Purpose: To evaluate the endothelial cell survival and stromal bed quality when creating deep stromal cuts with a low-pulse energy, high-frequency femtosecond laser to produce "ultrathin" tissue for Descemet stripping automated endothelial keratoplasty.
Methods: Seventeen corneas were used for this study. Five corneas were cut with the laser at a depth of 420 to 500 μm to produce a tissue thickness of approximately ≤70 μm. Five corneas served as an uncut comparison group. Vital dye staining and computer digitized planimetry analysis were performed on these corneas. The 7 remaining corneas were cut for scanning electron microscopy evaluation.
Results: The mean central posterior stromal thickness of cut corneas was 60.6 μm (range, 43-72 μm). Endothelial cell damage in cut and comparison corneas was 3.92% ± 2.22% (range, 1.71%-6.51%) and 4.15% ± 2.64% (range, 1.21%-7.01%), respectively (P = 0.887). Low-magnification (×12) scanning electron microscopy revealed a somewhat irregular-appearing surface with concentric rings peripherally. Qualitative grading of higher magnification (×50) central images resulted in an average score of 2.56 (between smooth and rough).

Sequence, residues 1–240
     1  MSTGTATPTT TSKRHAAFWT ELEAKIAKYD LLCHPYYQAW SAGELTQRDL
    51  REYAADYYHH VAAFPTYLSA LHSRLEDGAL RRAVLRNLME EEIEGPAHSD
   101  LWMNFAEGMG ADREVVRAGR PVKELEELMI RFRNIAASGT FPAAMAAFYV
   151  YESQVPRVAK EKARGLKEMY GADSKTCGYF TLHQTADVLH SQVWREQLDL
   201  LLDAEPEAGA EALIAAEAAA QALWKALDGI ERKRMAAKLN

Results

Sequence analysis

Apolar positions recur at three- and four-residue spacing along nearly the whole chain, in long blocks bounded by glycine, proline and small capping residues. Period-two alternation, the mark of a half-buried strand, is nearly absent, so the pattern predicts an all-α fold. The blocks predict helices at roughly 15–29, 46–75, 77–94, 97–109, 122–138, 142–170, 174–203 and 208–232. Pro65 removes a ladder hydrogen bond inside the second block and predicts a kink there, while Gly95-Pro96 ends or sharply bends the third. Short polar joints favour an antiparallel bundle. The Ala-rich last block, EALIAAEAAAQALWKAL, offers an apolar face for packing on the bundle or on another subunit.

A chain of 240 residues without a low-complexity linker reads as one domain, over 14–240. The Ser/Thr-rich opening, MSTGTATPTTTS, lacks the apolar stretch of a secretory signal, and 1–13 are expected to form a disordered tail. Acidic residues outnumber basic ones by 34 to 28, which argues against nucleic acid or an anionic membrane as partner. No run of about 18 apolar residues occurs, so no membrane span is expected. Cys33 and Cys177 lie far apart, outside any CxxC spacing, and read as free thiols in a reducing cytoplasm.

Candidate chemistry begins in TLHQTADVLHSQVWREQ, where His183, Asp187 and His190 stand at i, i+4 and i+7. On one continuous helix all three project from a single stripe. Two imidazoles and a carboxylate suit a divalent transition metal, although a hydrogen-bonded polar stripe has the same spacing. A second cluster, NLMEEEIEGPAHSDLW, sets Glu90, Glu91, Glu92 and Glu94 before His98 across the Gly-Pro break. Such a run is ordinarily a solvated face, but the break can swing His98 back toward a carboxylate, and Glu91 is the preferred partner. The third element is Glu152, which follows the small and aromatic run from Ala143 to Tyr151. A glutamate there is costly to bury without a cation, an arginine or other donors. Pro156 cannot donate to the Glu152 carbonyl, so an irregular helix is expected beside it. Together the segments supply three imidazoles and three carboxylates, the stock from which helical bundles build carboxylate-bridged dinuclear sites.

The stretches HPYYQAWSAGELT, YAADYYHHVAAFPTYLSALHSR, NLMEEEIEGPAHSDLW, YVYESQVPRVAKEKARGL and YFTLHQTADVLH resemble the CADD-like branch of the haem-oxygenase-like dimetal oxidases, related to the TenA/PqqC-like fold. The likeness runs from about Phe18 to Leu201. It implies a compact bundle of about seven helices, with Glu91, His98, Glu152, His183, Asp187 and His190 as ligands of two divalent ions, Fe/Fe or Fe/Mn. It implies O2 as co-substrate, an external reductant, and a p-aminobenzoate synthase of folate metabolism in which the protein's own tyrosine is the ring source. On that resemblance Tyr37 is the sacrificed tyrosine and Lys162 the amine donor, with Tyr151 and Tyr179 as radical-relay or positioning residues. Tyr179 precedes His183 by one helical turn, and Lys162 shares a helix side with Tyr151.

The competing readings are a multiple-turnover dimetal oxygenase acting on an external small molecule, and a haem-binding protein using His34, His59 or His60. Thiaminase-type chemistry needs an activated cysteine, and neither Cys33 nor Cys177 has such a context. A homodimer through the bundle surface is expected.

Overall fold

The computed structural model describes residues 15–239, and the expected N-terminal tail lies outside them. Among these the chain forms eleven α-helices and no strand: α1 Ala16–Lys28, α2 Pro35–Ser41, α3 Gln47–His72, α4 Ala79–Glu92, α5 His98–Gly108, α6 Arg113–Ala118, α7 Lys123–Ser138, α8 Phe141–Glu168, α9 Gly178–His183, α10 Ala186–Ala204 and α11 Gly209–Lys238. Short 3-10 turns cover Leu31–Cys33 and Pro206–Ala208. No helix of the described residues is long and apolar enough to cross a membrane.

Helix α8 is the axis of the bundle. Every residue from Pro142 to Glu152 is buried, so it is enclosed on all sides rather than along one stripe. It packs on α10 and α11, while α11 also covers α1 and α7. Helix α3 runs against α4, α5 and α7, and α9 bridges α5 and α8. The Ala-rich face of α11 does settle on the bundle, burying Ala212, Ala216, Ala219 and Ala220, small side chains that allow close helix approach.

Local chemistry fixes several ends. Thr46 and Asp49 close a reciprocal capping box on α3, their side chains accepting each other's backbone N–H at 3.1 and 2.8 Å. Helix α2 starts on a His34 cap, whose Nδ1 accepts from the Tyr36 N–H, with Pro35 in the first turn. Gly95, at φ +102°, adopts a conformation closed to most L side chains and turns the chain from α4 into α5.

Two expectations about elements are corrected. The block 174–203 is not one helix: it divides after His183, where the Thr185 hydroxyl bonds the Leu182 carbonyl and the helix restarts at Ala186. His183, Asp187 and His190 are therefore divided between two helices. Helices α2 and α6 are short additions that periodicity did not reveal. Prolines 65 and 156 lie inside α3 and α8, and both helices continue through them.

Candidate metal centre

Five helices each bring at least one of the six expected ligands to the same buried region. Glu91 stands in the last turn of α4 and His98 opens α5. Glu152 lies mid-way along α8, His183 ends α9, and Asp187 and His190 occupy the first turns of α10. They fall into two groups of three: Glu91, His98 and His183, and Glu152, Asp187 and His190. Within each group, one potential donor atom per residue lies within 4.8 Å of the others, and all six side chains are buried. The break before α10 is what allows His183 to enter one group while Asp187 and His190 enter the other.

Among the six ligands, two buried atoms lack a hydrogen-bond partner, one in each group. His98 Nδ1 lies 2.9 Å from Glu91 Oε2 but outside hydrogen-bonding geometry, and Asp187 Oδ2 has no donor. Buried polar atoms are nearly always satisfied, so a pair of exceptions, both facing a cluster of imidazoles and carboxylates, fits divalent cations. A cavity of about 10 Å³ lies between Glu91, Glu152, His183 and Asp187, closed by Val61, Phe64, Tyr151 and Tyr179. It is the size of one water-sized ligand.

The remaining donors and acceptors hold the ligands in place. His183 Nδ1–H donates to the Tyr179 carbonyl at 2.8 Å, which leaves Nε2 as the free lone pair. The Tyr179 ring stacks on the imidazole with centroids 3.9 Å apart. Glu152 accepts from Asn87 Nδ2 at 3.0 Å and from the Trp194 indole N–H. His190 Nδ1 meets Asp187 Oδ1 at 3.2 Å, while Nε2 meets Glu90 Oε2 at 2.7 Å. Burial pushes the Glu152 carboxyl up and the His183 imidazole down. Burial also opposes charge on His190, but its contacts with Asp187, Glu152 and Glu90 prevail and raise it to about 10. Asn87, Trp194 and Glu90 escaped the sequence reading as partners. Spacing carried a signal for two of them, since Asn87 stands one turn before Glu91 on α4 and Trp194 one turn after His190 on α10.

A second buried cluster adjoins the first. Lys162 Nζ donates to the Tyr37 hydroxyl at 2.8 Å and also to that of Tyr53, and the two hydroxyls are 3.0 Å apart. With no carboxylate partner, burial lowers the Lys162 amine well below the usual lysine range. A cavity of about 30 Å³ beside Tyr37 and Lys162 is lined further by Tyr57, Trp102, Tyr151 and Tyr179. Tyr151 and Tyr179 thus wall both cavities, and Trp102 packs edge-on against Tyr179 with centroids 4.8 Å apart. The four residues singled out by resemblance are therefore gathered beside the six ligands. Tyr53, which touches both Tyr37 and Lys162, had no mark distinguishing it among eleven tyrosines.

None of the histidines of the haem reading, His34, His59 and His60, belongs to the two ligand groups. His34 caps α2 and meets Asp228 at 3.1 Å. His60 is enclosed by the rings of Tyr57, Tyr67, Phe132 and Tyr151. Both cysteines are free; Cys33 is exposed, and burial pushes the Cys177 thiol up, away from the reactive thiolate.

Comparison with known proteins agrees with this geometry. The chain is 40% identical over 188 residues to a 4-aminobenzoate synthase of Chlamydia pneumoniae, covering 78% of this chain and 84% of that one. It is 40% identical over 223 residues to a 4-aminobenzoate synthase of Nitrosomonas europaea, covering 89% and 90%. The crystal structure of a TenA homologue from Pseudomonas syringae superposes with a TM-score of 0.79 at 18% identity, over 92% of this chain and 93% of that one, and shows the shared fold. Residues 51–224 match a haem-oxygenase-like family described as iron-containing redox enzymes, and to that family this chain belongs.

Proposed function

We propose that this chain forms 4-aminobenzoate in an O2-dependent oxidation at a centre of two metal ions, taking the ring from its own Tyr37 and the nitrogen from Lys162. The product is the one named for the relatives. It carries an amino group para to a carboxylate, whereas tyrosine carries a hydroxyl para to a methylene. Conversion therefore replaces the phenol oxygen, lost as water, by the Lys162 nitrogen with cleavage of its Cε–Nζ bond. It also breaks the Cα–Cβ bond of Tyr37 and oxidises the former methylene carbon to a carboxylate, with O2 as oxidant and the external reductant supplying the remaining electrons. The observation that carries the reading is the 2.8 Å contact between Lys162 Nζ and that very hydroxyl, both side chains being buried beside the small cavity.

Conclusions: Ultrathin tissue for Descemet stripping automated endothelial keratoplasty can be safely prepared with minimal endothelial cell damage using a low-pulse energy, high-frequency femtosecond laser; however, the resulting stromal surface quality may not be optimal with this technique.